Breeding can be a polarizing topic — especially between the very people who claim to be the most devoted to companion animals. Some live by the bumper sticker: “Don’t shop. Adopt.” (Or its sister sticker: “Don’t buy while others die.”) And some passionately defend the practice. The latter party usually comes back to two main arguments:
1. Responsible breeders don’t do it for the money — they do it for the love of the breed and a dedication to keeping healthy purebreds around.
2. It’s a waste of time to “attack” responsible breeders when backyard breeders and people who don’t spay/neuter are the big contributors to pet overpopulation.
I have no doubt the first point is true, that the majority of Westie breeders, for example, care deeply about their charges. But what if there was something they could do to help ease the suffering of dogs in general? Instead of breeding for the love of Westies, why not refrain from breeding for the love of the animal? That is, why not place more value on the life of an individual dog than on the proliferation of the breed?
What if, instead of bringing more Cocker Spaniels or Great Pyrenees or Scottish Deerhounds into the world, breeders traveled to an area of the country where euthanasia rates are high (no matter where you live, you won’t have to drive far) and took in a litter’s worth of dogs. Instead of investing time and money in whelping, vaccinating, and finding worthy guardians for new puppies, they used those resources to rehome the shelter dogs.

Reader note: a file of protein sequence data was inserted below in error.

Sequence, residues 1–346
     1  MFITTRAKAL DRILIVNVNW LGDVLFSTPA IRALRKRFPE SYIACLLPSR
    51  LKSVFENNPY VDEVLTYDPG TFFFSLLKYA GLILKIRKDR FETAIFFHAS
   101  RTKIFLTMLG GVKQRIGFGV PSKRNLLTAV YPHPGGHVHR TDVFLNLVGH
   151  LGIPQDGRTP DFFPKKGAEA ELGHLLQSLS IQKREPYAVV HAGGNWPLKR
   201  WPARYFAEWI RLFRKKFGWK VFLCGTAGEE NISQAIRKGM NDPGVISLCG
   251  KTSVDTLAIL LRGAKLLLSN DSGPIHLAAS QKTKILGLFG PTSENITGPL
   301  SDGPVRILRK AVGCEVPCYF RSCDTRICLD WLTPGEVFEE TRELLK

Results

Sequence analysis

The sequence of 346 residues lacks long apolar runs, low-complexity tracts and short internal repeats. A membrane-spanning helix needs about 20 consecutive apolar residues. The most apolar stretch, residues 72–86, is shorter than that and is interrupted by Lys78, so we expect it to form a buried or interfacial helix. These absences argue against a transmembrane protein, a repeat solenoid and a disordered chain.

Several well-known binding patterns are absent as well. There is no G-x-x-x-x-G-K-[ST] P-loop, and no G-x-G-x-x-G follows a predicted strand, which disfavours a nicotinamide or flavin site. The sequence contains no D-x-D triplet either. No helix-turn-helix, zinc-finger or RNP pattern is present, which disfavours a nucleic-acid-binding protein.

What if the energy the breeders saved from having to socialize puppies went to working with the rescues on basic training — and giving them the attention and sense of comfort they’ve never known? What if they promoted these dogs’ stories? Let people know where they came from, what they’ve been through, and how lucky they are just to be getting a chance?
Granted, there are some dog owners (and potential dog owners) who will never be interested. They will only settle for an eight-week-old Beagle. They absolutely will not look at your generic New Mexican Brown Dog or your gorgeous Lab mix, no matter how well-behaved and friendly the animal is, nor how deserving he is of a caring family. Even the four-month-old purebred listed on a rescue site won’t do.
That’s fine. Who says we have to cater to those people? They can wait for their bred dog until after we find homes for the ones already here. We owe more to the dog facing euthanasia than we do to the puppy who hasn’t been born — or to her potential owner.
I hear point #2 (above) repeated often and with gusto. And maybe it’s true that breeders are only a small part of the problem. But as self-professed dog lovers, they could be a big part of the solution. Why not just see if refocusing all breeding efforts on rescue actually makes a difference?